I deviate a little from the original. The filets are rubbed with garlic, salt and pepper. Nigella seeds soak in water while I assemble the marinade. Limes are zested and juiced. Garlic cloves are lightly smashed. Kaffir lime and curry leaves are roughly slivered. Coriander and fenugreek seeds sit in heaps. Nigella seeds are drained and added to the beef along with marinade ingredients for a short steep.  A cast iron pan goes into the oven as it comes to a high temperature, another deviation from the recipe. I find beef roasts best in cast iron. The sizzle sets the tone for the night.

Adapted from Chris Honor's Big Flavors from a Small Kitchen
Serves 4-6

2 pound Beef Filet OR Sirloin
2 tablespoons Nigella seeds
1 teaspoon Kosher Salt 
1 teaspoon ground Black Pepper 
2 teaspoons Garlic powder 
1 tablespoon Coriander seeds
1 tablespoon Fenugreek seeds
20 Curry leaves
12 Kaffir Lime leaves
6 Garlic cloves
4 Limes, zested and juiced
3 tablespoons Olive Oil 
Basil leaves

Trim filet of silver skin. Slice filet into 2-3 inch pieces. Place in a bowl. If you use a sirloin steak, leave the steak as is and follow the recipe.

Soak nigella seeds in water for 20 minutes.

Sprinkle salt pepper and garlic powder over filet. Massage seasonings into meat.

Roughly chop curry leaves and kaffir lime leaves.

Smash garlic lightly.

Add lime juice to filet, along with half the zest.

Drain nigella seeds and add to beef, along with coriander, fenugreek, garlic, curry and kaffir lime leaves and garlic. Massage spices into beef.

Drizzle olive oil over beef, cover and marinate for 30 minutes.

Heat oven to 425F. 

Put cast iron pan into oven to heat. 

Once the oven has reached 425F, use tongs to place beef pieces in the cast iron pan. Add the remaining marinade to the pan.

Roast for 15 minutes for medium rare, 25 minutes for medium, 35 minutes for well done.

Remove beef from oven.

Place on a platter and tent with foil for 5 minutes.

Sprinkle the remaining lime zest on beef.

Garnish with basil leaves.

Slice and serve.

Roasting beef inevitably emits the most pleasing aroma. Cooked in cast iron, the beef emerges crusty but medium rare. Browned spices add layers of flavor and crunch. Lime features predominantly as we slice and dice.  Each bite  is reminiscent of achaar gosht..Indian style meat cooked with similar spices. No need for naan or roti...all this beef needs is a steak knife and good appetite.

Sunday, June 26, 2016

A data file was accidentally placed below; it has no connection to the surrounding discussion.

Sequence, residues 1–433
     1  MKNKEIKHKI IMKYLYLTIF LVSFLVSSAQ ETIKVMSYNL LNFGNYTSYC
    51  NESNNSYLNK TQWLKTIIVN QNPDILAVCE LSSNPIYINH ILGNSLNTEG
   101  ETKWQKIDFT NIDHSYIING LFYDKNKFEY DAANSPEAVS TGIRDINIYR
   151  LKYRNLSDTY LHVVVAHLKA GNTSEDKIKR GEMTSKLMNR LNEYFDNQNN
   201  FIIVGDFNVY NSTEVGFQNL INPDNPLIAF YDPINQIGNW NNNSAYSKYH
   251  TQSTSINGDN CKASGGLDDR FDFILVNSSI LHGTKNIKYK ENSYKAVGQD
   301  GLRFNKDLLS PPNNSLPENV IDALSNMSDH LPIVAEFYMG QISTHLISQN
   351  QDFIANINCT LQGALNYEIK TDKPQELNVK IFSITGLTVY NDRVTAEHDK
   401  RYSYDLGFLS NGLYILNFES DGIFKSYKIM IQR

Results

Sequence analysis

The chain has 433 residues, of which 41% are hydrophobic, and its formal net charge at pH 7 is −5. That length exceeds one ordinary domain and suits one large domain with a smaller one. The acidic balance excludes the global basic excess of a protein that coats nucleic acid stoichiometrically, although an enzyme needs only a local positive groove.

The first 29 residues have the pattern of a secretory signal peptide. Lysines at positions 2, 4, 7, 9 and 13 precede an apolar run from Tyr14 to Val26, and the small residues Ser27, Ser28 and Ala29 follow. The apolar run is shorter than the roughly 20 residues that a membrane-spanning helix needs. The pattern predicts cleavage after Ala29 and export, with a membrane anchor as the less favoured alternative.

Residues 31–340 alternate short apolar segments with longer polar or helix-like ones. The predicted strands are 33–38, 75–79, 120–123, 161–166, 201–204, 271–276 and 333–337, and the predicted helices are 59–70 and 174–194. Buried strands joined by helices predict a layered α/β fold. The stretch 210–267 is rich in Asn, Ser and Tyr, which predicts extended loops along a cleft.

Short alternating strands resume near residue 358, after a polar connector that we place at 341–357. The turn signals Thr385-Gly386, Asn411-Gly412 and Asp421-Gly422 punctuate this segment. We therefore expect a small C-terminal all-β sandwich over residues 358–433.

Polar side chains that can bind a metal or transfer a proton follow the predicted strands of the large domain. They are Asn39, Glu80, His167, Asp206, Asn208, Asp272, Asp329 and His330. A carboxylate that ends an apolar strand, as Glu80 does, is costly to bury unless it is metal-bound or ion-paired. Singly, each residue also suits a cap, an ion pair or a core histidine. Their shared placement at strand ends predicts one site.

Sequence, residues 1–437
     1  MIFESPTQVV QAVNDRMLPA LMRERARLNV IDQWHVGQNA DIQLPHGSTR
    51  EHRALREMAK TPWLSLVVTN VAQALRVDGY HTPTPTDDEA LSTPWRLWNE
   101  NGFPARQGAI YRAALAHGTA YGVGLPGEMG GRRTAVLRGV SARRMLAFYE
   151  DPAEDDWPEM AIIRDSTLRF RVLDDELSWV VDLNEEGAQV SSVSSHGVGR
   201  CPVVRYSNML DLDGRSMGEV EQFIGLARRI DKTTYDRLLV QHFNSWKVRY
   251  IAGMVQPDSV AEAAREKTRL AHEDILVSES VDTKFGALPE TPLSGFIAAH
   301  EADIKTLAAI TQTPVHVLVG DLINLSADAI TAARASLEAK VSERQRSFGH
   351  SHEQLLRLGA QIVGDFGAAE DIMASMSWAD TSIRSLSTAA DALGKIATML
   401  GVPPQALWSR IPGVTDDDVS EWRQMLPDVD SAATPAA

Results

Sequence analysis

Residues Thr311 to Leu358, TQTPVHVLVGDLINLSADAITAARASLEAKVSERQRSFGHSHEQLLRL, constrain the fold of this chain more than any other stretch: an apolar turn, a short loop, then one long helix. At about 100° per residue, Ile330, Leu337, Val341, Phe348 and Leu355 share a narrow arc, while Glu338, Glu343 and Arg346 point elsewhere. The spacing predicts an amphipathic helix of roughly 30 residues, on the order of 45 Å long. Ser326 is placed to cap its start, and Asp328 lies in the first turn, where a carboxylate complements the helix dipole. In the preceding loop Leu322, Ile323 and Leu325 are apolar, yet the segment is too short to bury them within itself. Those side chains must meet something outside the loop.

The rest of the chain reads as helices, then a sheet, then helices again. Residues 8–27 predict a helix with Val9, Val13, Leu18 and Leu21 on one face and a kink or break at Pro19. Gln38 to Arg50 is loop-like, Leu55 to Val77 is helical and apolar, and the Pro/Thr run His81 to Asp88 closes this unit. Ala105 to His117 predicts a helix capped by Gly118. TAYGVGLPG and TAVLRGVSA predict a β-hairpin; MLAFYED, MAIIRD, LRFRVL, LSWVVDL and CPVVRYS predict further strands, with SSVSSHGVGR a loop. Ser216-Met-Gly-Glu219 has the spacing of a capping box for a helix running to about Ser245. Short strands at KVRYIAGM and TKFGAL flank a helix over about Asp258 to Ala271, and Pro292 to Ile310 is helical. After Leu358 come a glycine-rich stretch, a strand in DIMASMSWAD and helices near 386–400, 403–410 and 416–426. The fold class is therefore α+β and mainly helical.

Beef Bao Sliders

Bao buns are the quite the rage. Or are they now passe? Not in my house. David Chang popularized them a few years ago. Since it has been a challenge to eat at Momofuko, I create this popular recipe at home. True to the original concept I start with pork belly. It's delicious! But getting there is a lengthy process, from brining the pork, to braising or roasting it, and lastly, pan frying pork slices. The end result, stuffed into a warm steamed bun, paired with pickled daikon and carrots, cucumber and cilantro, drizzled with hoisin, is a mouthful of wow. Caramelized pork, rich hoisin flavors and crisp veggies warm the heart and belly. These bite size baos are the quintessential finger food.

To make my life easier I decide to substitute another meat. A ground beef patty, full of Asian aromatics. Grated garlic becomes a pungent puree, with no pieces to bite into. I use a fancy Japanese ginger grater Rehan brings me from his travels. I have trouble with this new contraption...but then I haven't read the accompanying instructions. I finally figure it out and I'm left with wonderfully minuscule grated ginger. Thanks Rehan!

A short marination on the counter, after which beef is shaped into small oval patties and fried as the baos steam. These patties are a lazy cook's best friend. A short marination, a quick fry and they are ready to be eaten or stuffed. Baos are ready to be assembled. In place of daikon I use a fennel and carrot slaw. New flavors for an old standard.

Makes 8-10 portions

1 pound ground Beef
2 teaspoons Sambal Olek
2 tablespoons Ketchap Manis
1 teaspoon Sriracha 
1 teaspoon grated Garlic
1 teaspoon grated Ginger
1/2 teaspoon ground Black Pepper 
1/2 teaspoon Kosher Salt 
1 tablespoon Canola Oil 
1/2 cup shredded Carrots
1/2 cup thinly sliced Fennel
1/2 teaspoon Sugar
A pinch of Kosher Salt 
1 tablespoon White Vinegar
Cilantro Sprigs
Thai Basil or Italian Basil
Sweet Chile Sauce
8-10 Chinese Steamed Buns

Mix ground beef, sambal olek, ketchap manis, Sriracha, ginger, garlic, black pepper and salt. Massage the spices and beef well. Keep beef aside for 15 minutes.

Put carrots and fennel in a glass bowl. 

Sprinkle sugar, salt and white vinegar over veggies. Stir occasionally so veggies can absorb the vinegar.

Heat an inch of water on a wide saucepan. 

Place a steamer rack in the saucepan.

Line steamer rack with wax paper so the buns wont stick to the steamer.

Once the water simmers, place 4-5 buns on wax paper. Cover the pan and steam for 15 minutes. Repeat with remaining buns. Buns can stay warm in the steamer for 15-20 minutes.

Fry patties as buns steam.

Shape them into 2-3 inch ovals. You should have 8-10 oval patties.

Heat canola oil in a nonstick pan.

Add patties to hot oil and cook till brown and crusty on one side. Flip and brown other side.

To assemble the baos, line up the patties, slaw, herbs and sweet chile sauce.

Place one opened steamed bao on plate. 

Top with one beef patty.

Pile some slaw over patty.

Drape cilantro and basil over slaw.

Drizzle sweet chile sauce over patty.

Fold the upper flap over the fixings and dig in!

Repeat  and enjoy!!

Lunch is a true delight. I start with just one bao. Then I assemble a few for G. Temptation prevails and I put another together for myself. G thinks it is for him. That notion is swiftly destroyed as I eat the bao taco style, right out of the palm of my hand!  Eaten horizontally or vertically, beef baos might be a little messy but they have come to stay!